Stories and characters populate your mind — you’ve been writing and making up stories since you can remember. You’ve already got a daily writing practice in place to jumpstart your creativity and ease in to your writing projects each day. You’ve got a lot of material, but the question is, what can you do to make your writing better?
“I have rewritten — often several times — every word I have ever published. My pencils outlast their erasers.”
–Vladimir Nabokov, Speak, Memory, 1966
Speak your piece!
Writers know that words don’t often magically tumble out of their brain on to the page or the screen in Pulitzer Prize-winning order. Revision and re-writing are important to polishing what you write.
One tip that you can integrate into your editing workflow right away is to simply read your work aloud. Or, if you think you might not be able to trust your own ear, have a close friend read your work aloud to you. This tried and true strategy was a lifelong ritual for Canadian author Timothy Findley:
Eventually, Tiff would appear, his handwritten pages clutched in his hands, released only in exchange for his glass of wine. We then quickly settled down and I would do what I had been doing for decades: read aloud to the author from those pages…There was serious intent here, however: Tiff firmly believed that if my tongue tripped over any of his writing, then it was quite likely, as he would put it, that his reader’s brains might also trip over the words. This was a hedge against those stumbles.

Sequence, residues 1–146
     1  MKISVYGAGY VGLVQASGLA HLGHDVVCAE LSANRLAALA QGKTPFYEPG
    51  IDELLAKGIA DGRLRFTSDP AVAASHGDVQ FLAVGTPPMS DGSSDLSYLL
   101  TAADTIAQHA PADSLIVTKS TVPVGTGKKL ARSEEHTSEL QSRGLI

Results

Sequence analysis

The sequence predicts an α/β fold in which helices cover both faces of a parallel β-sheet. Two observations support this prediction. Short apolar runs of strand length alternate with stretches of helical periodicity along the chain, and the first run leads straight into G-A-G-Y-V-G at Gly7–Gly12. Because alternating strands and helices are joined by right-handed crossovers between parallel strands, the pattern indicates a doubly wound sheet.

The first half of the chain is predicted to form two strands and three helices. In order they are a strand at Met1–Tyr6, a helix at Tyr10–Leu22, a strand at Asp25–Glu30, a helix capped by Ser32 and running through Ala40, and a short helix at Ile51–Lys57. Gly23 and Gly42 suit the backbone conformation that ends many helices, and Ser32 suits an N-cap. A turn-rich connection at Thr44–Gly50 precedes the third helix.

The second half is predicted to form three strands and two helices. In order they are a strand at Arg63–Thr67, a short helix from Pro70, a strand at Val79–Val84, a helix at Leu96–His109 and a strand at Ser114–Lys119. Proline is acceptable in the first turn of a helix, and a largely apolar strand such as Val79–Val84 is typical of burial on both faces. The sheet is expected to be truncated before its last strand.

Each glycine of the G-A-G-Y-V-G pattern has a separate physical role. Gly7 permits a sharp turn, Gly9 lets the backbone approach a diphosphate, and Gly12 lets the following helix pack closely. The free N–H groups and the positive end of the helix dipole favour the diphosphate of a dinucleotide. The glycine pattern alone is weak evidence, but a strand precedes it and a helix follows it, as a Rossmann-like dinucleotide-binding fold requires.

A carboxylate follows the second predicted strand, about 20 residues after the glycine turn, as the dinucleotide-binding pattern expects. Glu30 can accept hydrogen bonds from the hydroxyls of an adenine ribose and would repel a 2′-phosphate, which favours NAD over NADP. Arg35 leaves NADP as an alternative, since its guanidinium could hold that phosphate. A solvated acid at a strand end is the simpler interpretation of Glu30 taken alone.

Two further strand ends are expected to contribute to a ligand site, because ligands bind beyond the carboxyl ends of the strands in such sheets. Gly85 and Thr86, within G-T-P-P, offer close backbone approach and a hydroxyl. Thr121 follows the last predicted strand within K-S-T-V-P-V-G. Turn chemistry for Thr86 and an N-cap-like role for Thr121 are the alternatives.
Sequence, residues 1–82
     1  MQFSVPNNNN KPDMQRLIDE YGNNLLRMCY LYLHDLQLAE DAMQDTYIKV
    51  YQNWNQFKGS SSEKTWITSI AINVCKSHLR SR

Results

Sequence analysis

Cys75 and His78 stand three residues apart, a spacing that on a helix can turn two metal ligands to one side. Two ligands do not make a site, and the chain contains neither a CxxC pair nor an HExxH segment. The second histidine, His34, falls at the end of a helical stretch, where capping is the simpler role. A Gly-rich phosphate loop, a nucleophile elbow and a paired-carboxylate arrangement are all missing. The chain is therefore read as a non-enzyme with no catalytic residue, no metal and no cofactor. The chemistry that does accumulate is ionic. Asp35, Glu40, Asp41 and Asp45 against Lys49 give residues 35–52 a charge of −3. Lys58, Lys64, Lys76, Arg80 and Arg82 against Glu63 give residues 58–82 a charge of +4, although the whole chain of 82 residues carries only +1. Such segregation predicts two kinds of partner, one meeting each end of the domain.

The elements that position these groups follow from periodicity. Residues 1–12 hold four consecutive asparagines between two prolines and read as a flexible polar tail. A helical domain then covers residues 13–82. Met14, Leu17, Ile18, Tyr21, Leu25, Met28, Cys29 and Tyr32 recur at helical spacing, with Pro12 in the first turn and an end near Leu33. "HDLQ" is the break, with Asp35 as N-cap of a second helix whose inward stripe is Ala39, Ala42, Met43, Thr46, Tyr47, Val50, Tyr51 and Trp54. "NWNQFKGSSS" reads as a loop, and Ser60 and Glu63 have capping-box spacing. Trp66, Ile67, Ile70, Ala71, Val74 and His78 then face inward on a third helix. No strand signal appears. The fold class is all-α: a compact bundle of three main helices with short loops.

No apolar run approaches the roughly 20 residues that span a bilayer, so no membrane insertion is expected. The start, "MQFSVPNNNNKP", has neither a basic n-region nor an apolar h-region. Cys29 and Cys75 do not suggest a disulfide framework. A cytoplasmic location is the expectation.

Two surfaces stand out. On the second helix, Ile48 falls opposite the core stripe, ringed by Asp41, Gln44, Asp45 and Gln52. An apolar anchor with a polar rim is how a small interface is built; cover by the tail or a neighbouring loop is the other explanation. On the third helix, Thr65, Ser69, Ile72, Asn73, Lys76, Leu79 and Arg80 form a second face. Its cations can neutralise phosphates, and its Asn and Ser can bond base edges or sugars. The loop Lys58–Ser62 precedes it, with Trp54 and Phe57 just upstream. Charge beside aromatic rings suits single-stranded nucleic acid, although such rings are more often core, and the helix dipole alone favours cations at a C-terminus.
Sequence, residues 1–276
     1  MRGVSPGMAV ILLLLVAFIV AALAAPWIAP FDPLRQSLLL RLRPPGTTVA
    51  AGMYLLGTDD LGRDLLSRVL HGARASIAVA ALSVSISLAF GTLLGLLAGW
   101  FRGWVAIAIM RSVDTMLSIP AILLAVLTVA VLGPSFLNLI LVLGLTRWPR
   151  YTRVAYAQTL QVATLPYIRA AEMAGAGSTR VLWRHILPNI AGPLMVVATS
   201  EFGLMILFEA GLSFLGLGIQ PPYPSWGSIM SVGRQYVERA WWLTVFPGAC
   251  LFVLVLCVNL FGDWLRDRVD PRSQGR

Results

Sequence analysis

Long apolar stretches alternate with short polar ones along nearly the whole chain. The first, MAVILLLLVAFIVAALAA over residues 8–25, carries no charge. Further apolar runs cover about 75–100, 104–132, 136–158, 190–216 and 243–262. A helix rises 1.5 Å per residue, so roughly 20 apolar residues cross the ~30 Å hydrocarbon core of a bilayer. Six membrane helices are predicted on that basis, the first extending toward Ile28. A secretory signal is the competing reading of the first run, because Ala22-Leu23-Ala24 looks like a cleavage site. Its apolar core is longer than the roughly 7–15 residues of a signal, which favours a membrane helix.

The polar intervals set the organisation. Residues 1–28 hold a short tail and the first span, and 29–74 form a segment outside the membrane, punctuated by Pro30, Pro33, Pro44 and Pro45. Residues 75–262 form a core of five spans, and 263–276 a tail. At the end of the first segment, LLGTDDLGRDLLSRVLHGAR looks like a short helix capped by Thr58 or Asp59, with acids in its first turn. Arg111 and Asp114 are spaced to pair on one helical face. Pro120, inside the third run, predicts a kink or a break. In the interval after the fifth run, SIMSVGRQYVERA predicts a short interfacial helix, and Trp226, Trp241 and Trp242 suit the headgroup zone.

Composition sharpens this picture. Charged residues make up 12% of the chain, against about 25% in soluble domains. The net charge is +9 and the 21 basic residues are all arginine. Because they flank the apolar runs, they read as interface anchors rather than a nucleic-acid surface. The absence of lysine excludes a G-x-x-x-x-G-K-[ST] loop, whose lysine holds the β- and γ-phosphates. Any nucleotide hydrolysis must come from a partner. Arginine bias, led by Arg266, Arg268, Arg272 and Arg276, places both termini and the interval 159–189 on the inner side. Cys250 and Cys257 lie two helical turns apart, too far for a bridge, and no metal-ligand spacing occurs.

Next time you’re ready to revise, take a few moments to read your work aloud. You’ll hear the passages that need smoothing loud and clear and your ear will give you some guidance on what needs to happen to fix your work.